Brown in 1897
|Born||February 12, 1873
|Died||February 5, 1963 (age 89)
New York City, New York
|Institutions||American Museum of Natural History|
|Known for||Discovered first documented remains
of Amphipithecus mogaungensis and Tyrannosaurus rex
Barnum Brown (February 12, 1873 – February 5, 1963), commonly referred to as Mr. Bones, was an American paleontologist. Named after the circus showman P. T. Barnum, he discovered the first documented remains of Tyrannosaurus rex during a career that made him one of the most famous fossil hunters working from the late Victorian era into the early 20th century.
Sponsored by the American Museum of Natural History (AMNH), Brown traversed the country bargaining and trading for fossils. His field was not limited to dinosaurs. He was known to collect or obtain anything of possible scientific value. Often, he simply sent money to have fossils shipped to the AMNH, and any new specimen of interest often resulted in a flurry of letters between the discoverer and Brown.
After working a handful of years in Wyoming for AMNH in the late 1890s, Brown led an expedition to the Hell Creek Formation of Southeastern Montana. There, in 1902, he discovered and excavated the first documented remains of Tyrannosaurus rex.
The Hell Creek digs produced extravagant quantities of fossils, enough to fill up whole train cars. As was common practice then, Brown's crews used controlled blasts of dynamite to remove the tons of rock covering their fossil discoveries. Everything was moved with horse-drawn carriages and pure manpower. Seldom was any site data recorded.
After nearly a straight decade in Montana, Brown headed to Alberta, Canada and the Red Deer River near Drumheller. Here, Brown and his crew spent the middle 1910s floating down the river on a flatboat and stopping along the way to prospect for fossils at promising-looking sites. Trying to outdo them along the same stretch of river was the famous Sternberg family of fossil hunters. It was to be a playful, friendly rivalry for the Browns and the Sternbergs. Their competing discoveries went down in the annals of paleontology.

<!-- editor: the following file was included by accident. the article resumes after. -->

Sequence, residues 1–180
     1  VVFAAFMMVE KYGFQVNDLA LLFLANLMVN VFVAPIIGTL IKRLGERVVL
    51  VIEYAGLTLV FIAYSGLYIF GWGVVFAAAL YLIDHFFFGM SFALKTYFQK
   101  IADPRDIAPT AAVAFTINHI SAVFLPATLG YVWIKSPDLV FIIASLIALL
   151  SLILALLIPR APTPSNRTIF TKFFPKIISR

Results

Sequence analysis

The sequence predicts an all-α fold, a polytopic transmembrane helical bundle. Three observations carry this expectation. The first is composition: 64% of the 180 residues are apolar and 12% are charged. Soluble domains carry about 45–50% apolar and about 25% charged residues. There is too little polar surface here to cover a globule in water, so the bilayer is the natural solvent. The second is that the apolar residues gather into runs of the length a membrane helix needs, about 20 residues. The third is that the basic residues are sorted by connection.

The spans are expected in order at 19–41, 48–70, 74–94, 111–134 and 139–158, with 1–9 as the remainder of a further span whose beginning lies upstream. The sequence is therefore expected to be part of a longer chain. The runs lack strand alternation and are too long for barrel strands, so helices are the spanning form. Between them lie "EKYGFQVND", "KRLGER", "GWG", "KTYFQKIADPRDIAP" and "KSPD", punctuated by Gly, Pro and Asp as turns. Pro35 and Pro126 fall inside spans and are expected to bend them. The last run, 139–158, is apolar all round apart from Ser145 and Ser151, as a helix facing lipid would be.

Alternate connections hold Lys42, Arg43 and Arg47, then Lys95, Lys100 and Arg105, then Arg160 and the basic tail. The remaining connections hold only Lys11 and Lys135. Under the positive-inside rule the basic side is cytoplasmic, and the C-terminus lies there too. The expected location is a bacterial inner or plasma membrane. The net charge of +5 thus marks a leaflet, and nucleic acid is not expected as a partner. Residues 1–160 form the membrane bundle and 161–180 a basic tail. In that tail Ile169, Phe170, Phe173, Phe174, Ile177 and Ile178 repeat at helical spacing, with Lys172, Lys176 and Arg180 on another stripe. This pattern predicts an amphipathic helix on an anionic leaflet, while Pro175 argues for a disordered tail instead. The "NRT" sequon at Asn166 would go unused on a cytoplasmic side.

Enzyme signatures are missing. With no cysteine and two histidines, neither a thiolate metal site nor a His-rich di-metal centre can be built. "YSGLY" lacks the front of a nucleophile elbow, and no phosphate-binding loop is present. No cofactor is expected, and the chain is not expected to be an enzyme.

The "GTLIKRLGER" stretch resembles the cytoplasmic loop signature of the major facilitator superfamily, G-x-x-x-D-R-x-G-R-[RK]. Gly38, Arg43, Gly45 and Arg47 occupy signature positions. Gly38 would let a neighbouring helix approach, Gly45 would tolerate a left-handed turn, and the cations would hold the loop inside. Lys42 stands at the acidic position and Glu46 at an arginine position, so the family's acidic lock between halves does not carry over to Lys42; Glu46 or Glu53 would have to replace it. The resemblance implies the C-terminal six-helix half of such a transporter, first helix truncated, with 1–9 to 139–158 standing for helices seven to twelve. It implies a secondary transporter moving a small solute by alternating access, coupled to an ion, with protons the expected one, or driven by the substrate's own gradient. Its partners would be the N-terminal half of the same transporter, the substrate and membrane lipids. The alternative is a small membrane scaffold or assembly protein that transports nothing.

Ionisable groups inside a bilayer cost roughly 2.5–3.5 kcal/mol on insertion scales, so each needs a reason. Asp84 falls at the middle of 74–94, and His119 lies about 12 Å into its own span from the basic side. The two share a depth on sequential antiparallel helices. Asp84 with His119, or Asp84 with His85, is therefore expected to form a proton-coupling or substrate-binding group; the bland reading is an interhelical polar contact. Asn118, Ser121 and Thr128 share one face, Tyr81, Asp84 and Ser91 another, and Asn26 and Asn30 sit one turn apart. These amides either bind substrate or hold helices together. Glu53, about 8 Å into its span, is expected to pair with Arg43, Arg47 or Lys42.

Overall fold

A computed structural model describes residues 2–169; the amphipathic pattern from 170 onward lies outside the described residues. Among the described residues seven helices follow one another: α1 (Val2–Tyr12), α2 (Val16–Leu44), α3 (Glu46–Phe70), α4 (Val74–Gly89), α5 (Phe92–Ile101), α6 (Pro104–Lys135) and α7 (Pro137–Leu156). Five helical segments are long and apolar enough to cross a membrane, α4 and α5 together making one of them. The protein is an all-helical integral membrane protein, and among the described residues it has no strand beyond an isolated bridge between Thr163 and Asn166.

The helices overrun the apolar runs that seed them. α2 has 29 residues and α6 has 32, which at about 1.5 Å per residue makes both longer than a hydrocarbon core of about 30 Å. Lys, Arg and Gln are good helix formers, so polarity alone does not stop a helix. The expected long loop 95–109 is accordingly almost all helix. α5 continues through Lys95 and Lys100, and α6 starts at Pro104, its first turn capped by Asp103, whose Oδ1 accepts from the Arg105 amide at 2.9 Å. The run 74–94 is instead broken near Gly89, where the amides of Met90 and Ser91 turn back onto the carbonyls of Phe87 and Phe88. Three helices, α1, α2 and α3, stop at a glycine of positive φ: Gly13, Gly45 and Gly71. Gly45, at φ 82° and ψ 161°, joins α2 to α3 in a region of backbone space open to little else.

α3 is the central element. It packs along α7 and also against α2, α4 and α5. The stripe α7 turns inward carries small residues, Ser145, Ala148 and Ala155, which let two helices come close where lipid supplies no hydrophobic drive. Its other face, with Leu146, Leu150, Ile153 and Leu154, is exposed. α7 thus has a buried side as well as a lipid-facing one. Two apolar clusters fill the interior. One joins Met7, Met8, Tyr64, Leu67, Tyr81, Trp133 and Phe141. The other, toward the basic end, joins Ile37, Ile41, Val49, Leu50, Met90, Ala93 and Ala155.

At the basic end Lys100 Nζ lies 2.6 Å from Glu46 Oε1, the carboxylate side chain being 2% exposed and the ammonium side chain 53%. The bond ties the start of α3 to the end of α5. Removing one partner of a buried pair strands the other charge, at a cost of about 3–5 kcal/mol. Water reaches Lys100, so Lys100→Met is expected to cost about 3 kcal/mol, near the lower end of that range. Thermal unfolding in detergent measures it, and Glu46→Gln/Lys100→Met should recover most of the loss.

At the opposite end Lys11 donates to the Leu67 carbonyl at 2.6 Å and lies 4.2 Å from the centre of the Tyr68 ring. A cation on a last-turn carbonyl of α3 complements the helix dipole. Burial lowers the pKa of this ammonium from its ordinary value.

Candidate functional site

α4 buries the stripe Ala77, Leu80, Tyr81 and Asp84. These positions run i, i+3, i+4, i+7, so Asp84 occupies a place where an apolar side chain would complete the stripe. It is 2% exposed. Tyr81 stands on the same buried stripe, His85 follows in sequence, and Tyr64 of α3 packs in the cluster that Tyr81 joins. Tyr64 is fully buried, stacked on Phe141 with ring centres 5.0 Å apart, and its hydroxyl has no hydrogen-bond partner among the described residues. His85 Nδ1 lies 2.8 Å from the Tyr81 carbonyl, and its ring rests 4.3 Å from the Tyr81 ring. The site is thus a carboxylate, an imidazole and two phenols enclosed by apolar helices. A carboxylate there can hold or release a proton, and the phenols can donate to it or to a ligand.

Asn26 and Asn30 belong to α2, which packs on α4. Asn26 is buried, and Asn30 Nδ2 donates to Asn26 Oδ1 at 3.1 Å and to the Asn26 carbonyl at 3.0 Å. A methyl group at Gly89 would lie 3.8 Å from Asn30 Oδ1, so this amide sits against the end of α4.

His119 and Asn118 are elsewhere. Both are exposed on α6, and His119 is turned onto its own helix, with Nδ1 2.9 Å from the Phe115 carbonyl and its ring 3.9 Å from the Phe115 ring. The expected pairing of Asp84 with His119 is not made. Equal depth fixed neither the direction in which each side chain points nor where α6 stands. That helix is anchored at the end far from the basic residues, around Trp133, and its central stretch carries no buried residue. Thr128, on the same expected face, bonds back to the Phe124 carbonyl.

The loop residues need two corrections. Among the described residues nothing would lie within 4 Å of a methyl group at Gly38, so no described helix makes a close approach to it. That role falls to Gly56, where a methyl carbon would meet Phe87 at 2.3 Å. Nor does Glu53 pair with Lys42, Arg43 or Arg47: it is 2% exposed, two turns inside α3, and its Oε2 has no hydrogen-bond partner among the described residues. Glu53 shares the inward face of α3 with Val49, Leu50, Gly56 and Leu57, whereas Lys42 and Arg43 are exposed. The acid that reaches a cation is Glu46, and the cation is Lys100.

In one of their most significant finds, in 1910 Brown's team uncovered several hind feet from a group of Albertosaurus collected in Dry Island Buffalo Jump Provincial Park. For years the fossils were largely forgotten in the recesses of the American Museum of Natural History in New York City. Then Dr. Phil Currie, the Head of Dinosaur Research at the Royal Tyrrell Museum of Palaeontology in the 1990s, relocated the site of the bones using only an old photograph as a guide, and reopened the site for excavation in the summer of 1998. Examination of the site under the Tyrrell Museum's auspices lasted until August, 2005. However, once Dr. Currie took a new job at the University of Alberta, his new crew worked the site in 2006 and intends to continue for several years.
In early 1923, Brown travelled with his then-wife Lilian to Yangon, the capital of what was then Burma. Brown focused his fossil prospection along areas of Pondaung Sandstone. A mandible with three teeth was recorded and catalogued at an exposure of sandstone outside of the town of Mogaung. He did not recognise the significance of his find until 14 years later, when Edwin H. Colbert, of the American Museum of Natural History, identified the fossil as a new species of primate and the earliest known anthropoid in the world. He named the holotype Amphipithecus mogaungensis, or the ape-like creature of Mogaung. There is however considerable debate regarding its status as a primate and the lack of fossils compounds this issue.
Brown lived at the tail end of an unprecedented age of scientific discovery, and was one of its more colorful practitioners. At dig sites in Canada, Brown was frequently photographed wearing a large fur coat.
Brown's second wife, Lilian Brown, wrote a book of memoirs, I Married a Dinosaur (Dodd Mead, 1950), about her expeditions with her husband.